###### Short Straddle Profit Loss Graph The short straddle position is created when an investor sells the same number of call and put options at the same strike price and expiration date. This strategy is best used on sideways or stagnant stocks. Unlike the Long Straddle which takes advantage of stock moves in either direction, the short straddle strategy is dependant on the stock price staying at the set strike price of the options at expiration. Since the investor is selling options there is a net credit achieved once the trade is activated. The maximum profit in the position is equal to the net credit. By selling both a call and a put, there are both an upper break even point and a lower break even point. A profit is realized on the position if the stock stays between the upper and lower break even points.
 Sell calls at a set strike price and expiration date. Sell the same number of puts at the same strike price and expiration date. The max profit is the net credit (total premium received). The position has both an upper break even and a lower break even. Profit is realized if the stock stays between the upper and lower break even points. The maximum risk is infinite in either direction (infinite to 0 on the put side/decline.)
##### Calculations for Short Straddles are:
 Upper Break Even = Strike Price + Net Credit Lower Break Even = Strike Price - Net Credit Probability Sum = (Prob. Above Upper Break Even) + (Prob. Below Lower Break Even) (Reflects Probability that the spread will fail. Look for a lower Probability Sum) Max Profit = Net Credit = Premium received.
##### Where...
 Net Credit = Premium of Sold Call + Premium of Sold Put % Return = Net Credit ÷ (Option Strike Price + Highest Option Bid) - Net Credit Example: XYZ at \$48.35 per share. Sell the FEB 50 Call for \$1.20 Sell the FEB 50 Put for \$2.70 Max. Profit = Net Credit = \$1.20 + \$2.70 = \$3.90 Upper Break Even = Strike + Net Credit = \$50.00 + \$3.90 = \$53.90 Lower Break Even = Strike - Net Credit = \$50.00 - \$3.90 = \$46.10 % Return = Net Credit ÷ (Option Strike Price + Highest Option Bid) - Net Credit % Return = \$3.90 ÷ (50 + \$2.70) - \$3.90 = 8%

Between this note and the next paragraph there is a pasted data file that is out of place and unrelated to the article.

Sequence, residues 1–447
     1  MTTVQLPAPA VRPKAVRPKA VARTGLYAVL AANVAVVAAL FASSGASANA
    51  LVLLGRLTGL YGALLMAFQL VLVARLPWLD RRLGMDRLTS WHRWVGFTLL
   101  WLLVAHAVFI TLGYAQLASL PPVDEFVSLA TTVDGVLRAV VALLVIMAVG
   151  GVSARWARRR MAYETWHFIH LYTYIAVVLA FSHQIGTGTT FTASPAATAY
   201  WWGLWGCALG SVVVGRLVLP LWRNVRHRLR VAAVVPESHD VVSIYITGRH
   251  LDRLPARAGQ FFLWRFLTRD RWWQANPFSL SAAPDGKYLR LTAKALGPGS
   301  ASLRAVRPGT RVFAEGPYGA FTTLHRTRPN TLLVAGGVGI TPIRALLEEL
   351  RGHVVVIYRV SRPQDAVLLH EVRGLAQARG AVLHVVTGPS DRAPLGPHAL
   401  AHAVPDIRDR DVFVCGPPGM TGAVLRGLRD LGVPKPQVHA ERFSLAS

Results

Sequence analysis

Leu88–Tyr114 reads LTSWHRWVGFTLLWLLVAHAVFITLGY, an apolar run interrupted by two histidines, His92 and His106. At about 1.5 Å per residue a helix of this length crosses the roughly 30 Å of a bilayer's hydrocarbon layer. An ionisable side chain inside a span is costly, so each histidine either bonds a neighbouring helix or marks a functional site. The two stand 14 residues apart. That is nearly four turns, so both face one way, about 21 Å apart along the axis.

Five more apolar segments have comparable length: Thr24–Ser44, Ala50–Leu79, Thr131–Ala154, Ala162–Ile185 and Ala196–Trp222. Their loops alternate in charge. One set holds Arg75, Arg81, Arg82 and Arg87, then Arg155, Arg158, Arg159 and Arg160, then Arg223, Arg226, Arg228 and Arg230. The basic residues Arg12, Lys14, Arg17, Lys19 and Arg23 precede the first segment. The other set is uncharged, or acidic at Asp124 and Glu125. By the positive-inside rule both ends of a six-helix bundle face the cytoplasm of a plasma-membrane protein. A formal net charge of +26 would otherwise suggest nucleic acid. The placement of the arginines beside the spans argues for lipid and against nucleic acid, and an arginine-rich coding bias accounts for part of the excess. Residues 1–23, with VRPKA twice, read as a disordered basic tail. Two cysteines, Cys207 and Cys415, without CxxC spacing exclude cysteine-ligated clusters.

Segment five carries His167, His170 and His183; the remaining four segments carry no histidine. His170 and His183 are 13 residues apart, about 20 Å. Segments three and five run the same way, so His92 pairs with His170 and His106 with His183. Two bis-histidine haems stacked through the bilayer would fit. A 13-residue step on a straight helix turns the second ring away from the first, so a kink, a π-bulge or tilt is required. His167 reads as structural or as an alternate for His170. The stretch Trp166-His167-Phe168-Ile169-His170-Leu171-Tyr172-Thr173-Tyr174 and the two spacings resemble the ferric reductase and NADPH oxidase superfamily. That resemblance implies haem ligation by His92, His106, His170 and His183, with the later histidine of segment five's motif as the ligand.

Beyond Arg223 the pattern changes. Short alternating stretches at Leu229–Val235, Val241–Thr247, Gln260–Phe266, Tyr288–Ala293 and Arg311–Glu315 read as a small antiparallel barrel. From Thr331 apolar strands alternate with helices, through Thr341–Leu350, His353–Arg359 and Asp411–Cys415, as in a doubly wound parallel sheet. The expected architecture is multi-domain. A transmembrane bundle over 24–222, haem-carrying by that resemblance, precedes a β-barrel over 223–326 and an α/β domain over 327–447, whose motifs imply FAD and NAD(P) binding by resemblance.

If the stock remains at the original stock price, both of the options will expire worthless and the investor will keep both premiums (maximum profit) If the stock price remains below the strike price but above the lower break even point the investor will still realize a profit. If the stock price remains above the strike price but below the upper break even point the investor will still realize a profit. An initial credit is received on the transaction so the investor does not have to put up any money to enter into the position. No stock is actually owned with the short straddle strategy (uncovered position).
##### Cautions with the Short Straddle Option Strategy:
 The investor can take a loss if the stock swings quickly in one direction or the other due to unforseen events. The risk/max loss is infinite because of the obligation to buy or sell shares of stock that are not owned. Because of this risk, the margin requirements for this strategy are fairly high. Your broker may require you to cover both options as if they were two Naked Options, or they may require a cash value of the Option Strike Price plus the highest bid of the call or the put.
##### Research Tips:
 If you are looking to short options but want to allow for more movement in the stock: Short Strangle . If you were looking to go long options to take advantage of stock fluctuation: Long Straddle.